“I don't need a licence to rent out a holiday home in Spain, or do I?”
If you assembled a group of Spanish lawyers, property-owners and estate agents (ideally, ones who sell property in holiday rental hot spots ) and asked them this question... well, no one would be able to give you a good, straight answer.
That's partly because, as with most things in Spain, there is no countrywide rule. It's a nation made up of fiercely individualistic regions, and within each region, laws can vary among provinces and town halls. It is also a country where it's often hard to get two people to tell you the same thing, particularly when it's about something bureaucratic.
But the crux of the licence issue is this. Since 1999, the Spanish General Tourism Act states that all short let properties (private residences that are rented to tourists) and all “apartamentos turísticos” (tourist apartments that have been licensed and sold as such by the developer and which must adhere to strict guidelines) must be registered with the local town hall.
In addition, in certain regions – including the Balearic Islands, the Canaries and Catalonia, where the powerful hotel sector has exerted pressure on local governments to restrict private rentals – holiday let properties must be licensed. The thinking behind it is to ensure owners pay the government tax on their rental earnings.
“In areas where a licence is required, it relates to properties that have proper furnishings, installations, services and facilities for immediate use. The marketing company needs to obtain a licence, following a Supreme Court decision on 17th September 1993,” clarifies Paul Shamplina, founder of Paragon Advance España, which advises homeowners on Spanish rental issues.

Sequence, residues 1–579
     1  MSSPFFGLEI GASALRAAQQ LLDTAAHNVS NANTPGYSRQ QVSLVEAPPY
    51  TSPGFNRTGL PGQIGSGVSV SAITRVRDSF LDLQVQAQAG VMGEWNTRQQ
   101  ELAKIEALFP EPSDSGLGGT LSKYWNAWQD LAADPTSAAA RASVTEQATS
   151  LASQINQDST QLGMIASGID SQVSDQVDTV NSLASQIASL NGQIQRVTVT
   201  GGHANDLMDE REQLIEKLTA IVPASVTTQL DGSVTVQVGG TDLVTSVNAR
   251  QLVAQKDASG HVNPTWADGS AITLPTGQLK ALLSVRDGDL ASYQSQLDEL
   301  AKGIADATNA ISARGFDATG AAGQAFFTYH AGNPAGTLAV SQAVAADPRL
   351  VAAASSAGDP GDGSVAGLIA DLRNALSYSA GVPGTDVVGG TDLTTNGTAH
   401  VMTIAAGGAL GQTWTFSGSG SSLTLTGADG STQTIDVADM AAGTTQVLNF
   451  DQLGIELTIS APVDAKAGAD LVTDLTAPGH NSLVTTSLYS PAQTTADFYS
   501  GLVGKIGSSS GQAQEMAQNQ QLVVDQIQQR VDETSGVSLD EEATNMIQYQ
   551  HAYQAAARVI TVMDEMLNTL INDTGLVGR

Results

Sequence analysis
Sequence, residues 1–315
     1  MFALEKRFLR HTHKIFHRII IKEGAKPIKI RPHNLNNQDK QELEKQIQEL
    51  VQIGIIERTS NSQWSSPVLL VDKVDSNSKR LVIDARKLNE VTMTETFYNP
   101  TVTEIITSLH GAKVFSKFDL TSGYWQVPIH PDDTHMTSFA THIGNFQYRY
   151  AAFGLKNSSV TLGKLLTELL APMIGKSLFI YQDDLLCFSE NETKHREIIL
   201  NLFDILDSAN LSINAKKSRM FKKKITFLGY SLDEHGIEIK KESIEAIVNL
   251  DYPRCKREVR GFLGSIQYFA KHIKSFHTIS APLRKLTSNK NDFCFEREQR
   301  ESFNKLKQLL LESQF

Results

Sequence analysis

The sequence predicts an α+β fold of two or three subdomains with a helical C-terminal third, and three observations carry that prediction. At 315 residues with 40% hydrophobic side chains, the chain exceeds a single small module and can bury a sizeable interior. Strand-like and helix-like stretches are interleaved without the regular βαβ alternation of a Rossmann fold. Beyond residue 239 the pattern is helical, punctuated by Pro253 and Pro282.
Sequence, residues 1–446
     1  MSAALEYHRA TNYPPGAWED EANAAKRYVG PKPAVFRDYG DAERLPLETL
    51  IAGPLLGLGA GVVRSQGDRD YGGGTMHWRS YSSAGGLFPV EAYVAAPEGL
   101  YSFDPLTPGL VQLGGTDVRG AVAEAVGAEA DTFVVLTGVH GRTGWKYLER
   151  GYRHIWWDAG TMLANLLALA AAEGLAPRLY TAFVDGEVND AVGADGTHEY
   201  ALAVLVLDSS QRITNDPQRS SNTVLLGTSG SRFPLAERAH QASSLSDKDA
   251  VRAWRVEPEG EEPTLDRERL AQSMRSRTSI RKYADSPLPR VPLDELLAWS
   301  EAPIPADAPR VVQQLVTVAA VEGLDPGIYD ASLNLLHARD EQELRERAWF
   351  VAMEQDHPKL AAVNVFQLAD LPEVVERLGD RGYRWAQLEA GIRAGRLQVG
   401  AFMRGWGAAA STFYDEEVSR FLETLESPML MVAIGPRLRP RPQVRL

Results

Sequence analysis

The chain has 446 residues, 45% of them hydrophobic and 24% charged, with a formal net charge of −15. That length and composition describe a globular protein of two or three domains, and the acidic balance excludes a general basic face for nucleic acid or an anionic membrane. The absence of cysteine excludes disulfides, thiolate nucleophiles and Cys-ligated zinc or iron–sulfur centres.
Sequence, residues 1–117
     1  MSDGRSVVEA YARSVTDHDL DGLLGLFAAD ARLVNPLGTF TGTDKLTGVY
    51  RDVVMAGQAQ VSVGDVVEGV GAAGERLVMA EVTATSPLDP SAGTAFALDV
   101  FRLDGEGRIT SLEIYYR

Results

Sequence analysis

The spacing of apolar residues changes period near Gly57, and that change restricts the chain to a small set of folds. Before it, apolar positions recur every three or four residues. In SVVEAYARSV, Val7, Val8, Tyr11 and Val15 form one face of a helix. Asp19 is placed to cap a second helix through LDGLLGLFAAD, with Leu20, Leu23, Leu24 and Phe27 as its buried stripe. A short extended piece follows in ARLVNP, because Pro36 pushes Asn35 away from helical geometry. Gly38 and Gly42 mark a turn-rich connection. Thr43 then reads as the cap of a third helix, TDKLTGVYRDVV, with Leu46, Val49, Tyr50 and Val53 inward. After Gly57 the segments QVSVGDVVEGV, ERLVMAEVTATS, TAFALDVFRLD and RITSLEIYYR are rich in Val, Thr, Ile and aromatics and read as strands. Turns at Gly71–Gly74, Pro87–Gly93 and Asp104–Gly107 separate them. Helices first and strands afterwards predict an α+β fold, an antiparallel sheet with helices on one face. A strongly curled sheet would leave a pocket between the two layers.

The laws are strictest in Mallorca, where it's a highly contentious issue, not least because pinning down the specifics is near impossible, as is getting an answer from the Consellería de Turismo, who deals with licence issues. The prevailing wisdom is that only licensed villas (not apartments) may be rented out for short lets – and that no licences have been granted since 2006.
Unlicensed properties face fines of up to €30,000 (£26,320), as one Londoner, Tania Osbourne, discovered. She bought her flat on the upmarket Bendinat resort as a buy-to-let investment and was promised up to £800 a week in rentals by the developer. But the residents' association later informed her, after she had been renting out her property, that the development was unlicensed and flats couldn't be offered as holiday accommodation.
“I immediately pulled the apartment off the website and put it up for sale. But that didn't stop one vindictive neighbour from informing on me to the authorities. Now I've been hit by a £20,000 fine,” says Osbourne.
A quick scan of any direct-through-owner website shows that these threats do not deter many owners – either because they are unaware of the rules or boldly assume that no one will find out. The key in Mallorca is to not be considered as running a “commercial” operation.
“If you advertise services such as cleaning, gardening or catering, you will be considered a B&B and heavily fined as your property will not have the licence, nor the building specifications, to carry out that business,” says Victor Sague, sales and marketing director at Taylor Wimpey de España.